Porters Creek has a reputation for superb spring wildflower displays, and it is wholly deserved. The heat and sunshine of the last couple of weeks prompted a floral riot. From the fresh Yellow Trillium, Foamflower, and Crested Iris below to carpets of Fringed Phacelia and thousands of Large White Trillium above, the trail holds to its tradition in fine form. Even the drive to the trailhead is colorful thanks to all the male Tiger Swallowtail butterflies fired up by the weather and on the hunt for females! The poor roadside plants, on the other hand, are suffocating under a thick coating of gray rock dust from passing cars. Porters Creek Trail is 3.6 miles long, gently rises about 1800 feet in elevation, and is a hiker’s delight.
To recite the list of plants in flower Thursday, one must take a deep breath……Jack-in-the-pulpit, Squirrel Corn, Blue Cohosh, Wild Ginger, Two-leaved Toothwort, Robin’s Plantain, Trout Lily, Wild Geranium, Crested Iris, Bishop’s Cap, Fringed Phacelia, Solomon’s Seal, Brook Lettuce, Fraser’s Sedge, Dwarf Ginseng, several Buttercups, Rue Anemone, Foamflower, Large White Trillium, Yellow Trillium, White Erect Trillium, Painted Trillium, Wild Oats, Sweet White Violet, Long-spurred Violet, Cream Violet, Downy Yellow Violet, Canada Violet, Halberd-leaved Violet, Little Brown Jugs, Yellow Mandarin, and Wood Anemone. On the cusp of flowering are Showy Orchis, Solomon’s Plume, Woodland Stonecrop, Doll’s Eyes, Clinton’s Wood Lily, and Meadow Parsnip.
The stars for my hike are definitely Large White Trillium (Trillium grandiflorum), Fringed Phacelia (Phacelia fimbriata), and Long-spurred Violet (Viola rostrata). The violets and trilliums are constant companions bottom to top, and the little white annual phacelia makes a virtual carpet of snow leading up to the falls. There ware other plants too – like Fragile Fern, Fancy Fern, Appalachian Rockcap Fern, Hay-scented Fern, Silvery Glade Fern, Southern Lady Fern, and Walking Fern around the falls. A species of Wood Rush in flower and fruit demands attention along the trail sides. Another plant, with just a few tiny flowers left, and noticed more for its long and slender, drooping seedpods, is appropriately called Sicklepod (Arabis canadensis). And there is a shrub, partially parasitic, called Buffalo Nut (Pyrularia pubera) here and on all the trails I’ve done this week. As the deciduous trees begin to leaf out, the warm spring sun seems to shine right through the tender, translucent foliage giving the whole forest a soft glow.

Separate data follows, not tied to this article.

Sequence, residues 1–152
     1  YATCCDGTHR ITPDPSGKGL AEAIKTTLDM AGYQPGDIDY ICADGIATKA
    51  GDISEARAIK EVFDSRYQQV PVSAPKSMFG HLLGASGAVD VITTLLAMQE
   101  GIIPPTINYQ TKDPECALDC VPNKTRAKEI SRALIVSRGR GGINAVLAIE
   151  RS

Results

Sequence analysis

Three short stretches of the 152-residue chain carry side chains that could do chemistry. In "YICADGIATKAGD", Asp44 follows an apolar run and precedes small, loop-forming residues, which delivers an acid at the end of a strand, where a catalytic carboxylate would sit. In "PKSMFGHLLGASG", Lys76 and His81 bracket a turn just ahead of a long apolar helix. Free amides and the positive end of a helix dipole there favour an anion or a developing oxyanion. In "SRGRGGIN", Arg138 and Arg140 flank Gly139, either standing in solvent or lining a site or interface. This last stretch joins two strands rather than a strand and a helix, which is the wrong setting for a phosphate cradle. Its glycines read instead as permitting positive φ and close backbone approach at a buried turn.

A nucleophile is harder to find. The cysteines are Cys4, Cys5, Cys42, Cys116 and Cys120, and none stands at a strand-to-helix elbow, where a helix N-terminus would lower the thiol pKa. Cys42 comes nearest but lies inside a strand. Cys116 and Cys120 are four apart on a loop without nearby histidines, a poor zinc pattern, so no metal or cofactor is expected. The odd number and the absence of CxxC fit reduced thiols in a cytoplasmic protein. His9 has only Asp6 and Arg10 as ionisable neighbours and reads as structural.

My journey along the Smokies’ trails thus far, has shown that most trails traverse various forest types, a change in the constituent plants based on water, exposure, soil, climate, and geology. Porters Creek Trail seems very consistent to me. The bottom section is a moist, second growth forest and very rich. A smaller section, between the road bed and foot log, is more acidic, hosting Rhododendron, Indian Cucumber Root, Galax, Painted Trillium, and Partridgeberry. After you cross the foot log, however, it’s as though you’ve entered another world, a fairy land of wildflowers where everything is in profusion. It takes your breath away. This loveliness continues past Fern Branch Falls to Campsite 31 two miles away. I’d visited Porters Creek numerous times going only to the falls, so I am astounded at the rich beauty that cheers me all the way to the trail’s end. Campsite 31 would be a serene and scenic place to spend a night in the Smokies. I have a quiet lunch in a cool Hemlock grove there and could have stayed for days!
Porters Creek is full of human history too. Settled in the 1800s, it was once a small, but thriving community of family farms, a school, a hotel, stores, churches, and grist mills. Old stone walls, house foundations, and nonnative daylilies are remnants of this life. A reconstructed cantilevered barn, spring house, and cabin are near the start of the Brushy Mountain Trail. Two old mill stones were used in the cabin’s “patio.” The most touching part of this history may be seen in the Ownby cemetery (on the right just past a small foot bridge). Some adults are buried there, but most appear to be children – some were born and died on the same day, others just a few weeks old, some at age 1 or 2. This little mossy cemetery is a testament to the hard life lived in these mountains at the turn of the last century. It is still cared for and kept meticulously clean. Nearly every grave is graced with a bouquet of colorful plastic flowers even though most of the souls resting peacefully in this lovely spot have lain here 100 years or more.